Booster cel­e­brat­ing 50th an­niver­sary

The Southwest Booster - - FRONT PAGE - SCOTT AN­DER­SON SOUTH­WEST BOOSTER

Vol­ume 1, Is­sue 1 of the South­west Booster rolled off the press for dis­tri­bu­tion on May 8, 1969.

From that mod­est eight page edi­tion 50 years ago, the Booster con­tin­ues to build on that en­tre­pre­neur­ial legacy to re­main the long­est run­ning free dis­tri­bu­tion news­pa­per in the South­west.

The Booster orig­i­nated from the of­fices of Swift Litho Print­ing, which was was launched in 1957. Swift Litho was a small com­mer­cial print shop that was a down­town Swift Cur­rent fix­ture over the years. The print op­er­a­tions were orig­i­nally con­ducted at a 9th Ave. N.W. location be­fore set­tling into of­fice space at 222 Cen­tral Ave. N., and then to 164 1st Ave. N.E. Swift Litho moved into our cur­rent 30 - 4th Ave. N.W. location in 1972. There were sev­eral ad­di­tions to the build­ing over the years, as it grew to 4,000 square feet dur­ing a ma­jor ren­o­va­tion in 1980.

Ron Cor­rins was the founder of Swift Litho Print­ing in 1957, and he and Ken Leitch launched the South­west Booster on May 8, 1969.

“We heard these shopper type news­pa­pers were catch­ing on around the coun­try, and we thought we should try one of those,” Cor­rins said dur­ing a fam­ily cel­e­bra­tion dur­ing his 90th birth­day back in Fe­bru­ary.

“The way we got a foothold was a guy came to town…he had been sell­ing ad­ver­tis­ing for a shopper some­where else. And he says ‘I can prob­a­bly get this go­ing for you’,” Cor­rins re­called.

He said their ad­ver­tis­ing prod­uct caught on quickly be­cause of their lo­cal fo­cus.

“One of our ma­jor ad­ver­tis­ers was Man­ning Mercury. The rea­son we got them was be­cause the ad man from ‘The Sun’ went there one day and showed them the nice car he bought in REGINA. So that was the end of them.”

He said that feed­back on the im­por­tance of shopping lo­cal was a les­son that re­mained with them dur­ing their in­au­gu­ral years.

“I don’t mind them buy­ing a car from some­one else around town, but when you go out of town, that’s the end,” he re­calls be­ing told.

“We got a page ad out of Man­ning Mercury…but at least it got us off the ground,” he said. “That was just enough to get us rolling I guess, and other peo­ple came along with ad­ver­tis­ing.”

His daugh­ter Les­lie Cor­rins, who ran the Shau­navon Stan­dard for a num­ber of years, ad­mit­ted that the en­tire fam­ily knew the im­por­tance of that mes­sage.

“That was some­thing that be­came en­grained in all of us was Shop Lo­cal. Sup­port the busi­nesses where you live. And es­pe­cially for me when I got into busi­ness in Shau­navon, same thing. There’s no way I would have bought a ve­hi­cle any­where but one of the busi­nesses in Shau­navon. Be­cause then I’m go­ing out to them and want­ing them to ad­ver­tise in my paper. So we’ve all still got that men­tal­ity. You sup­port your lo­cal peo­ple and busi­nesses,” she said.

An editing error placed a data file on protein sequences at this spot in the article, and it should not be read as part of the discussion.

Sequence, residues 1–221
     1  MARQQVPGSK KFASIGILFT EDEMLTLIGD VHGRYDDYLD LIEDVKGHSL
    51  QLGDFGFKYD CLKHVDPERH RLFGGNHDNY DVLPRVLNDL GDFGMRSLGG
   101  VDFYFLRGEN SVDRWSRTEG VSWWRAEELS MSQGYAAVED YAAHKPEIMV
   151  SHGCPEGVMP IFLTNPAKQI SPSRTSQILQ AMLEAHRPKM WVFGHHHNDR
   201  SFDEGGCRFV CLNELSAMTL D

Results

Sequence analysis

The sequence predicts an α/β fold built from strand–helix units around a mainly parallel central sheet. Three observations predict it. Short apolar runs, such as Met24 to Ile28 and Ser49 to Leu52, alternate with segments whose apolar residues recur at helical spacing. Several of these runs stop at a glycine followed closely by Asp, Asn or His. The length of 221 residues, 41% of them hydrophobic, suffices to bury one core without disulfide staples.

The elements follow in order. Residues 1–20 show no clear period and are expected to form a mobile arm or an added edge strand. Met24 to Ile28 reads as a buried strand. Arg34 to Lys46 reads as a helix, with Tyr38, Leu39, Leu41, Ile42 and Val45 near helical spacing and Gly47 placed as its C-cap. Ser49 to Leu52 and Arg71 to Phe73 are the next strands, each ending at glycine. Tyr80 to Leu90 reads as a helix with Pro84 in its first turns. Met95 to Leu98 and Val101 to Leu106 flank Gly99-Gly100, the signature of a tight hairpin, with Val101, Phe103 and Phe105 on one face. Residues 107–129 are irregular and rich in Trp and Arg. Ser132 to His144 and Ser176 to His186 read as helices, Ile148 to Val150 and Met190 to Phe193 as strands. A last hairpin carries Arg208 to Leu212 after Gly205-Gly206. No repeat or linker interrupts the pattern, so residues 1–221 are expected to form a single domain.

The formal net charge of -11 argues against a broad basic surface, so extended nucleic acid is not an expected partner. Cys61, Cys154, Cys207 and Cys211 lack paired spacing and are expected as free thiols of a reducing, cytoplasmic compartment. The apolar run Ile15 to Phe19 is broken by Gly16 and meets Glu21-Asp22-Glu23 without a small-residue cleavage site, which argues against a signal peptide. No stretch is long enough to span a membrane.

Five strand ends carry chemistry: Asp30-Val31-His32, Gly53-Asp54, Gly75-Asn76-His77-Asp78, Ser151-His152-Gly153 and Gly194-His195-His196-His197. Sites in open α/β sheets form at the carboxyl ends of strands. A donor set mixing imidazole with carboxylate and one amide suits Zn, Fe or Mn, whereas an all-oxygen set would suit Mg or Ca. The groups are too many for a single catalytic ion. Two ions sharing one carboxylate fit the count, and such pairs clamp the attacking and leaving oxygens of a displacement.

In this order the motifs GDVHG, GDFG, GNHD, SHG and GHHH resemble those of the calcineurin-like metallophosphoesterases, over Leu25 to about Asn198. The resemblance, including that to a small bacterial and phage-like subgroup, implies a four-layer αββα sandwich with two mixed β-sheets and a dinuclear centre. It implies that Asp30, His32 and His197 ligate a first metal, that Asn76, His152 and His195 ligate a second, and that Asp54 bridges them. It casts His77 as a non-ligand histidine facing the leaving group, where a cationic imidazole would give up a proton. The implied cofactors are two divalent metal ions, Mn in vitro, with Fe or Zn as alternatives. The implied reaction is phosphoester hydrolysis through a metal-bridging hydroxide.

The slo­gan of the Booster for many years was The Mar­ket­place of the South­west, with the paper pro­vid­ing a key ad­ver­tis­ing method to reach con­sumers.

“In those days, clas­si­fieds were a fac­tor as well. There wasn’t any on-line stuff in those days.”

The Booster was orig­i­nally printed on a sheet fed press, one side at a time. As they grew they were then printed in Regina for a short while.

Cor­rins re­called this of­ten led to unique sit­u­a­tions, as they used to send the print neg­a­tives by Greyhound bus the night be­fore, and then drive in to Regina to pick up the printed edi­tion the fol­low­ing day.

“One time the prin­ter phoned from Regina and says ‘we didn’t get the neg­a­tives’. It was the day be­fore an elec­tion, and there was a cer­tain point you couldn’t ad­ver­tise. So what the hell. So we go to the bus de­pot and the neg­a­tives are still sit­ting there. So I grabbed those neg­a­tives and I was in Regina in about two hours and got that paper out on time,” he chuck­led. “Those were the kind of things that hap­pened.”

The Booster even­tu­ally bought a three unit News King press which was in oper­a­tion for over two decades. The press was pur­chased in 1974, and the Booster was one of the first print shops in Saskatchew­an to uti­lize com­put­er­ized type­set­ting.

“A noisy, bloody thing,” Cor­rins re­calls of that old press. “Back in those days you weren’t con­cerned about your hear­ing. That’s why I’m not hear­ing very good be­cause that bloody press bang­ing away and you didn’t wear any ear pro­tec­tion. After I left the busi­ness it be­came manda­tory.”

TOP Ron Cor­rins shared a num­ber of fond mem­o­ries of the early years of The South­west Booster dur­ing his 90th birth­day ear­lier this year. MID­DLE The Booster pur­chased a News King press in 1974 to print the Booster. BOT­TOM The cur­rent 30 - 4th Ave. N.W. home of the Booster un­der­went a ma­jor ren­o­va­tion in 1980.

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